* US Sens. Sanders and Duckworth reacted to the local Goodwill uproar…
* Washington Examiner…
Since the 1930s, employers have been able to ask the government for permission to pay people with disabilities less than the minimum wage as a way to get them into the workforce so they can build their skills and obtain more competitive work later. Oftentimes that transition doesn’t happen, however, resulting in wages that amount to only cents per hour.
Opponents view the exemption as archaic and say it’s time to phase it out, while proponents of the status quo fear that people with disabilities will lose work opportunities if that happens. In Illinois, for example, the president and CEO of Land of Lincoln Goodwill told workers with disabilities this week that they would no longer be getting paychecks because the state was moving toward a $15 minimum wage.
Through the waiver, employers are allowed to compensate workers based on their productivity level. For instance, if a worker without a disability is paid minimum wage to hang up 100 articles of clothing an hour, then someone with a disability who hangs up 50 articles of clothing an hour would be paid half the minimum wage.
An estimated 195,000 people are paid less than the minimum wage, and 2,000 employers use the subminimum wage waiver, called Section 14(c), that they obtain through the Department of Labor.
The [federal] Raise the Wage Act would set the subminimum wage at $4.25 within the first year of the bill becoming law, and then gradually increasing it every year for the next six years until it hits $15 an hour.
* WLDS highlights a local split…
Pete Roberts, Director of the Springfield Center for Independent Living, didn’t mince words about the news. “It just strikes me as an affront to people with disabilities who are often hired and can perform the essential functions of their job that are often the first people to be laid off by ignorant people.”
Roberts already feels like some of Goodwill’s practices are discriminatory towards disabled workers to begin with. “We are opposed to the sub-minimum wage laws that allow non-profits to pay less than the minimum wage to their employees. We feel that’s wrong. We have situations with people who are performing the same essential functions of a job alongside someone else who gets the minimum wage and they don’t. We feel like that’s a form of discrimination and are opposed to a sub-minimum wage.”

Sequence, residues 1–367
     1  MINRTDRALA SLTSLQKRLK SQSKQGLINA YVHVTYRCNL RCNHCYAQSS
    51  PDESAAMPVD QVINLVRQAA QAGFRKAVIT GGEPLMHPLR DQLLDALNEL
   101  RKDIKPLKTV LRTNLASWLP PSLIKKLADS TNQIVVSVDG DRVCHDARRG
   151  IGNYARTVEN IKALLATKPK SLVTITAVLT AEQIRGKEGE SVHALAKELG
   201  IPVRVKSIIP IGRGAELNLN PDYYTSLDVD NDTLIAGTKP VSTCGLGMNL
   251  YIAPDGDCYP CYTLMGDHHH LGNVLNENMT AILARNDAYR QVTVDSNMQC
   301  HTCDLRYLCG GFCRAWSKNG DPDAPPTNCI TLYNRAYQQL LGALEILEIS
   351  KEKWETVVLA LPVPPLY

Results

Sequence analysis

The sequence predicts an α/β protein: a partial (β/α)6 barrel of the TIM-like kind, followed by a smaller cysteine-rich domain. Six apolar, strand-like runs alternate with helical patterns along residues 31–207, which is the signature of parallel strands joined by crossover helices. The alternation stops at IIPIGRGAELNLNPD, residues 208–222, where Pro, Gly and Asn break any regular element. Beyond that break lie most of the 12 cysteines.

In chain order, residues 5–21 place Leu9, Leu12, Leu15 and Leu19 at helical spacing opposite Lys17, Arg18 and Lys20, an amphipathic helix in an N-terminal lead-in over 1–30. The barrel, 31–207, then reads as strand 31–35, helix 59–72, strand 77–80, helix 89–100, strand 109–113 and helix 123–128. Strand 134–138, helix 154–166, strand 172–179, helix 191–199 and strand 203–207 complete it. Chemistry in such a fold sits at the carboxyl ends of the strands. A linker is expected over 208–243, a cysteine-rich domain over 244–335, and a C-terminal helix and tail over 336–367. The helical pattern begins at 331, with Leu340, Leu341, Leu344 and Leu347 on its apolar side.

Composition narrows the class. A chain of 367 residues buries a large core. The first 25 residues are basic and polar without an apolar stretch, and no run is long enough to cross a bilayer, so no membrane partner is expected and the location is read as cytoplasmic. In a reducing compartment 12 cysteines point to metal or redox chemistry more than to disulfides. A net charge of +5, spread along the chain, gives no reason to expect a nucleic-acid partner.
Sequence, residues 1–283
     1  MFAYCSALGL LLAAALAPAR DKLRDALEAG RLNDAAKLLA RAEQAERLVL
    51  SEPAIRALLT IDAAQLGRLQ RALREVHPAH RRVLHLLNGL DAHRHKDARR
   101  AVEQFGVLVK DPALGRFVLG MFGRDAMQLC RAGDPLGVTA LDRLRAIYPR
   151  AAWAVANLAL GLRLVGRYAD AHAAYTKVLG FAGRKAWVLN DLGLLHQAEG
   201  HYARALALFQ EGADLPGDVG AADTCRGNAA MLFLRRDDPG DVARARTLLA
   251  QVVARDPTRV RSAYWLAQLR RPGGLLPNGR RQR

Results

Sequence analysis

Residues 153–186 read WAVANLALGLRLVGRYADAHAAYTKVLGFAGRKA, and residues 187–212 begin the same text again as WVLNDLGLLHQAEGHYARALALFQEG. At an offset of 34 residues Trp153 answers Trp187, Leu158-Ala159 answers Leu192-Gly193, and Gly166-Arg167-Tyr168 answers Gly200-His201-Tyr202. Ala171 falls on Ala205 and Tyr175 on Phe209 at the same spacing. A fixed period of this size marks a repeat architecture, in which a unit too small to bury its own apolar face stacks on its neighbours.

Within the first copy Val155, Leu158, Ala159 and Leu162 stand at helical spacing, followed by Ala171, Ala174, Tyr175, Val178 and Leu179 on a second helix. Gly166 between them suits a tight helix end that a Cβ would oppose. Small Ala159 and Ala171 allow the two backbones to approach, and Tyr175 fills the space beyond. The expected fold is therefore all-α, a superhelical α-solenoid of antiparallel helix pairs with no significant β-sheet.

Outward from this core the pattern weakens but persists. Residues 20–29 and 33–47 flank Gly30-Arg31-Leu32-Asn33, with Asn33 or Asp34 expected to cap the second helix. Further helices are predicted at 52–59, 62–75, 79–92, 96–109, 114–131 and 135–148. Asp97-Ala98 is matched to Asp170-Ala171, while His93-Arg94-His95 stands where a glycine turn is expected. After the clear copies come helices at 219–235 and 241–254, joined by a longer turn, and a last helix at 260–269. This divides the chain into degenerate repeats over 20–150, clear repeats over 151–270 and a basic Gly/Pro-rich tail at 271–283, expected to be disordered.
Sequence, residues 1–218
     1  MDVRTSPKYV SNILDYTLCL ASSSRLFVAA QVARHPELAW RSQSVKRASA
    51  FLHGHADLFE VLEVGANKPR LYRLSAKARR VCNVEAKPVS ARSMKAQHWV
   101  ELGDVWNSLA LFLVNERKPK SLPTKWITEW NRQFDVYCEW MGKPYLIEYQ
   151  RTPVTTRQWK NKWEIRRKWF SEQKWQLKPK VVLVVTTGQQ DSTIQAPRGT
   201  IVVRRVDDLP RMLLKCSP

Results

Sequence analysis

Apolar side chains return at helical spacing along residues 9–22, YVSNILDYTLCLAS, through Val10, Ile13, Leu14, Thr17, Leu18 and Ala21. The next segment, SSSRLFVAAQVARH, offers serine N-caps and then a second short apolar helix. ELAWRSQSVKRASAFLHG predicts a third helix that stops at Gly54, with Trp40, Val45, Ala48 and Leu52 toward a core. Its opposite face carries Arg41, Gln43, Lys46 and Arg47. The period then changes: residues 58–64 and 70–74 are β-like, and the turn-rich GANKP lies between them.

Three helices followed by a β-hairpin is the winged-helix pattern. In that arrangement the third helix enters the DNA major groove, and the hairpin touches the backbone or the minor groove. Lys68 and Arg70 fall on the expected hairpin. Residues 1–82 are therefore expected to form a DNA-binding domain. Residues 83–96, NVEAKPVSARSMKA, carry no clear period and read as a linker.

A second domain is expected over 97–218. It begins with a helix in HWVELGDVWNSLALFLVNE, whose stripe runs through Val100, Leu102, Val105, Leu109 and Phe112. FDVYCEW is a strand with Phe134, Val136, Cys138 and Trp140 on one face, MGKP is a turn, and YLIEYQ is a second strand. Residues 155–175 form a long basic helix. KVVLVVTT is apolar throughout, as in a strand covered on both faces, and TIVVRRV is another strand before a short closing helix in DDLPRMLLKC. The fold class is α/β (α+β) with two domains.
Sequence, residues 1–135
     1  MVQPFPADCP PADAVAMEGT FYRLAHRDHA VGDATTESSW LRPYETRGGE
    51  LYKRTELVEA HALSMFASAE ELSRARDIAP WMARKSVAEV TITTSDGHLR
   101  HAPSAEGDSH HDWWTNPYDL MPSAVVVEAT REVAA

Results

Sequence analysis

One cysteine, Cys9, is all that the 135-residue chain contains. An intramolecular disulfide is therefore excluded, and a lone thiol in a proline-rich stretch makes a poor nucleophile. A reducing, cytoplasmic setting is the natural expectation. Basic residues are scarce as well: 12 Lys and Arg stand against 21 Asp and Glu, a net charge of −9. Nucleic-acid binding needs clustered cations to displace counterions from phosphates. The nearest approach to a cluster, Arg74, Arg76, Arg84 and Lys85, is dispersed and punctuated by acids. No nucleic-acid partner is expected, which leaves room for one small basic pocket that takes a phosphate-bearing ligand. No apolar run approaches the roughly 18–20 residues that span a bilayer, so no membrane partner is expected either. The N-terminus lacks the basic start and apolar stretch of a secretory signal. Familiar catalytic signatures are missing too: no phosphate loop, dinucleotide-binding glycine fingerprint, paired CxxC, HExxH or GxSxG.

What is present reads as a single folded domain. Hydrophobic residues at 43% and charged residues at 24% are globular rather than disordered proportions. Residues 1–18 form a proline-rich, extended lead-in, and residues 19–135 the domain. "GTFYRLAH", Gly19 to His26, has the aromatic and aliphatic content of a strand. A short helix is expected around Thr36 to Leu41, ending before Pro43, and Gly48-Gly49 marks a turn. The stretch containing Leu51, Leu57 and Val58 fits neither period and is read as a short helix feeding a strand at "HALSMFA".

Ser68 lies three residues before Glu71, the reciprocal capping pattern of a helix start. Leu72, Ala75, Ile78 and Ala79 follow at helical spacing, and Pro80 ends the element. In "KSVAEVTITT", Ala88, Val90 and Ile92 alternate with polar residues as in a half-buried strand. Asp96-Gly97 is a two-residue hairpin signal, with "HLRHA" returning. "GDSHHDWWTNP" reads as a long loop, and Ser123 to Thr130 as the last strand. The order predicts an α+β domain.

Steven Brundage, Executive Director of Pathway Services in Jacksonville would hope that Goodwill would be making the disabled community a priority. “People with disabilities should be a priority. They should find other ways to cut spending before they take it out on people with disabilities. I’m not exactly sure what their mission statement is but I would hope it would be people with disabilities are a priority.”
Brundage understands Goodwill’s position on having a federal minimum wage waver. He explains the situation that some non-profit organization’s like Pathway and Goodwill face with wages. “Sometimes it’s the only way we can afford to pay people that may have work skills that are very slow or they take a long time to learn a job. It’s the only way we can fiscally afford to offer a job to them.”
State legislators have attempted in the past to do away with the sub-minimum wage, but never succeeded.
* From last May…
Rock River Valley Self Help Enterprises, an Illinois nonprofit, billed itself as a vocational training program for people with disabilities. But it essentially operated as a subcontractor for local factories, providing menial tasks to workers with developmental disabilities, such as scraping debris from metal casts.
Last week, the Department of Labor took action against the company “after finding nearly 250 workers with disabilities were being exploited.” One of the ways they were being exploited? Self Help paid some workers with gift cards instead of money. […]
In addition to sometimes paying workers in gift cards, Self Help also paid them less than the minimum wage. Paying workers with disabilities in gift cards is unlawful; paying them a subminimum wage is legal. That’s because current law allows employers to pay as little as $1 per hour, or less, to workers with disabilities if they can’t perform a job as well as a person who is not disabled
* The Question: Should Illinois phase out the sub-minimum wage for workers with disabilities? Take the poll and then explain your answer in comments, please…